From my body of non-narrative fiction, an honor roll of my favorite work that never made it to an audience:
My Juliet. Life is art for three generations of an acting family cast in a production of Romeo and Juliet. Fabulous parts for a maiden, a mother and a 70 year old scene stealer. My Juliet was my last stage play, by which I mean my final stage play. If you write a 90 minute no-intermission bare-stage 4 actor play that is loved by every dramaturg who reads it loves it and you still can’t get so much as a staged reading, there’s really no point in continuing to write plays!
Spellchecker (a screenplay). The true story of the fairy godmothers in Sleeping Beauty. I know, I know. Fairy tales are sooo hot! Well, they weren’t when I wrote this. Too bad, because it’s charming as hell. Funny story about this one: a film producer I knew at the time asked me to email her a copy, then refused to open the file because she thought the title made it sound like a computer virus.
George Bailey, Won’t You Please Phone Home. Five couples—strangers—at a weekend house, waiting for the only person they have in common. Everyone has a secret. Imagine Waiting for Godot meets The Big Chill. I envisioned a long run (Off-Broadway, transferring to Broadway), with a rotating cast of celebrities who were looking for a taste of stage work without a long commitment and audiences who would go multiple times to catch their favorite stars, followed by a deal with HBO for an adult dramedy. Such stuff as dreams are made on.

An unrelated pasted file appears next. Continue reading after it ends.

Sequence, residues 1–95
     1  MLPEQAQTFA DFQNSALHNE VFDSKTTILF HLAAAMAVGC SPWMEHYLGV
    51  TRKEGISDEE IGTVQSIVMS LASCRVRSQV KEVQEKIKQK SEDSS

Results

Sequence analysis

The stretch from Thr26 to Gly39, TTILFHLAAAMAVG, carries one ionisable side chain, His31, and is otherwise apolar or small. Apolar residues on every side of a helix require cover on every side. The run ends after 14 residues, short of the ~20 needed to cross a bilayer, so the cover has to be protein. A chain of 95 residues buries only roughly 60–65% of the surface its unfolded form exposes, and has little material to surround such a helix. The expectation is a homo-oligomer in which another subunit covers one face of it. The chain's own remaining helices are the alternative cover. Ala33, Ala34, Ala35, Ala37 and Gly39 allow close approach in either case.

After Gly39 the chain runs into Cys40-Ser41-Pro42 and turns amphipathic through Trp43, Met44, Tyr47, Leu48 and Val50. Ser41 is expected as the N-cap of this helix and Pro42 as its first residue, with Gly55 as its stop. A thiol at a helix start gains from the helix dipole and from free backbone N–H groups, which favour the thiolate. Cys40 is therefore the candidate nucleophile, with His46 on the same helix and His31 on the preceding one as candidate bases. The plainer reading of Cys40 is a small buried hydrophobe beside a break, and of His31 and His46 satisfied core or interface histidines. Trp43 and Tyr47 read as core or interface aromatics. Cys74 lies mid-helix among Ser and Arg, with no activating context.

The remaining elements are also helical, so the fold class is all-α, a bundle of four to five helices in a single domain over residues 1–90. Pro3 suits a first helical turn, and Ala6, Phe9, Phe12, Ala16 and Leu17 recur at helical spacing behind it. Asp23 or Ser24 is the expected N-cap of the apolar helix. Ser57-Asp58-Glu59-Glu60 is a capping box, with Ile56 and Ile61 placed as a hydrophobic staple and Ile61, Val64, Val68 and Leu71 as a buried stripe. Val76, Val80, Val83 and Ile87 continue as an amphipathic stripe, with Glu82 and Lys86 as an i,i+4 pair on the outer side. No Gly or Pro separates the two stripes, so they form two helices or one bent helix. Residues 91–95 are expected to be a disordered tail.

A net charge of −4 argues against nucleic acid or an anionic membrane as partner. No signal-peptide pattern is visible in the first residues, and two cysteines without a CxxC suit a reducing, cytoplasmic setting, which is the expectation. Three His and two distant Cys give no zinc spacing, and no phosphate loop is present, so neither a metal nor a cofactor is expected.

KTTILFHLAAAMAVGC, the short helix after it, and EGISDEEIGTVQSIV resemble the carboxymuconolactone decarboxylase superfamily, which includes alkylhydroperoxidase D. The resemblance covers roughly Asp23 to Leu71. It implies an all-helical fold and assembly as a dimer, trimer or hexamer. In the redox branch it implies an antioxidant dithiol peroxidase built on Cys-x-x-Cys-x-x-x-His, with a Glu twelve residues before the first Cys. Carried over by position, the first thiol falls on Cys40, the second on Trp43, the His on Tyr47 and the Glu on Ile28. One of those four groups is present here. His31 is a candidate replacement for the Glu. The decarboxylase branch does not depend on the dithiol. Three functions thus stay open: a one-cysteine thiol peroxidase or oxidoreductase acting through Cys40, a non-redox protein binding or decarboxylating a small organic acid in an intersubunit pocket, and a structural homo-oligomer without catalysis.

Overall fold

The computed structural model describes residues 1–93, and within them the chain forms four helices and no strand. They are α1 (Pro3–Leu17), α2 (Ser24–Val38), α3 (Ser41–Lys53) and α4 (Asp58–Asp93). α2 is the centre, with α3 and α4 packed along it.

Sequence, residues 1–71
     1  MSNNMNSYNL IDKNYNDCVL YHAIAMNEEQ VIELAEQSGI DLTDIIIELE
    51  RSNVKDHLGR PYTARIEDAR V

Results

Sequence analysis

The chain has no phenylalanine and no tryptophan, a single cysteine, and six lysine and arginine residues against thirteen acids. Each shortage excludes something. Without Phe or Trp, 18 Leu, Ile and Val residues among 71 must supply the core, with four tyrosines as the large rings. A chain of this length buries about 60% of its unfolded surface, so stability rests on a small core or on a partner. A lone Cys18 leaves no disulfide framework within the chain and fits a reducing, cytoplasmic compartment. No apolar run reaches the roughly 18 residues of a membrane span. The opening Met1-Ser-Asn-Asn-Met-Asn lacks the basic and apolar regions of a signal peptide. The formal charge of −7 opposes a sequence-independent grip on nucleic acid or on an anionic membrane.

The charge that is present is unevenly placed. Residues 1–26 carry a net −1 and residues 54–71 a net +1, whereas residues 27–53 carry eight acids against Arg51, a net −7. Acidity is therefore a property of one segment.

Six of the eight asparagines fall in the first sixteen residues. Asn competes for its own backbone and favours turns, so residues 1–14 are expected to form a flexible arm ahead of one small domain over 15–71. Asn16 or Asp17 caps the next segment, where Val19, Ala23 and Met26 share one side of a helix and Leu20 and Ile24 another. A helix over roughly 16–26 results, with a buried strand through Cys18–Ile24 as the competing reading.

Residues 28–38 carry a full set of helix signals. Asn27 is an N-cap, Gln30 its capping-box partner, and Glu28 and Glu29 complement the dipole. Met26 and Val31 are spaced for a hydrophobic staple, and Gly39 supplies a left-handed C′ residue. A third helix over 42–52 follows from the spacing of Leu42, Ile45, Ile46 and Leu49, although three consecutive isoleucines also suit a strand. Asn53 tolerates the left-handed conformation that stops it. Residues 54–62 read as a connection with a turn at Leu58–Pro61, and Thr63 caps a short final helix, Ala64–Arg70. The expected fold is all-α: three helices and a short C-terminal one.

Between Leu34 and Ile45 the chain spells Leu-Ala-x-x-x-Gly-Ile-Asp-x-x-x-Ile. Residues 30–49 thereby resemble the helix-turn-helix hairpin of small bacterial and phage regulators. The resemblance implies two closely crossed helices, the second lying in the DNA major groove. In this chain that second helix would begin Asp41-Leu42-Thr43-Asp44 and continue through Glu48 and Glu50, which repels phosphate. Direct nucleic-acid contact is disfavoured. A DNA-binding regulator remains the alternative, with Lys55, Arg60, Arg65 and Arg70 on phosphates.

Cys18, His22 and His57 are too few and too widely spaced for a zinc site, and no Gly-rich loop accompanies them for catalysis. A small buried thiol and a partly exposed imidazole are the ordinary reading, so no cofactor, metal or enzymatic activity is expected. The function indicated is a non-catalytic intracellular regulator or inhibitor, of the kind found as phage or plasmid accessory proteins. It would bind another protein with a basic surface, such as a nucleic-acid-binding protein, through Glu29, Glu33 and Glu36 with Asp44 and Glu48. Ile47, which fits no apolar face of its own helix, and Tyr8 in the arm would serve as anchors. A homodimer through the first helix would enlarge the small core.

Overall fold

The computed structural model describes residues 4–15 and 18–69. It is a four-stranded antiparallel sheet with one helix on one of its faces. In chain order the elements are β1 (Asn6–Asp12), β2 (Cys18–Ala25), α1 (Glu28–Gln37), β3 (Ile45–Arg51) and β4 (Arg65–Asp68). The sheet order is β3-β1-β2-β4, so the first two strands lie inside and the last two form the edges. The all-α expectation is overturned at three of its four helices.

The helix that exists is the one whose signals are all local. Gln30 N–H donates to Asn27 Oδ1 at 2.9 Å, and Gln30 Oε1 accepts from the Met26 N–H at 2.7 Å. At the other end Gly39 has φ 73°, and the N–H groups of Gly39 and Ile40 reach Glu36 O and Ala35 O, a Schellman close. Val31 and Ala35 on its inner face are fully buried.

Moonshine and Lion Are Left. Subtitled “Shakespeare Held Hostage.” Written more than a decade before the US declared war on terrorism, Moonshine is the story of an international production (large multi-cultural cast) of A Midsummer Night’s Dream on the moon (stage must have flies and a trap), which is highjacked by a terrorist kidnapping. Art, terrorism and a love story. Yet not a single Shakespeare festival in the US or Canada was remotely interested.
Sonny’s War. A New York family burdened by its own mythology. In retrospect, it reads like bad Wendy Wasserstein. Or Nicky Silver, or Jon Robin Baitz, or… You get my drift! I list it here because, with all its flaws, it got an unusual number of encouraging responses. In fact, it’s the only play of mine that got an encouraging (please submit more) turn-down from the O’Neill.
A L’Auberge Goutte de Rosee (At the Dewdrop Inn). In what I hoped was a sincere form of flattery, theatrical mash-up that envisioned what might happen if one of Tennessee Williams’ Southern Gothic families met up with the family from Long Day’s Journey Into Night (more or less) and, eventually, characters out of a Neil Simon rep company. The exception to the “made it to an audience” comment at the top of this page. “Dewdrop” did have a staged reading in Johannesburg, by Kultcha Klub, thereby establishing my claim to being an internationally-known playwright.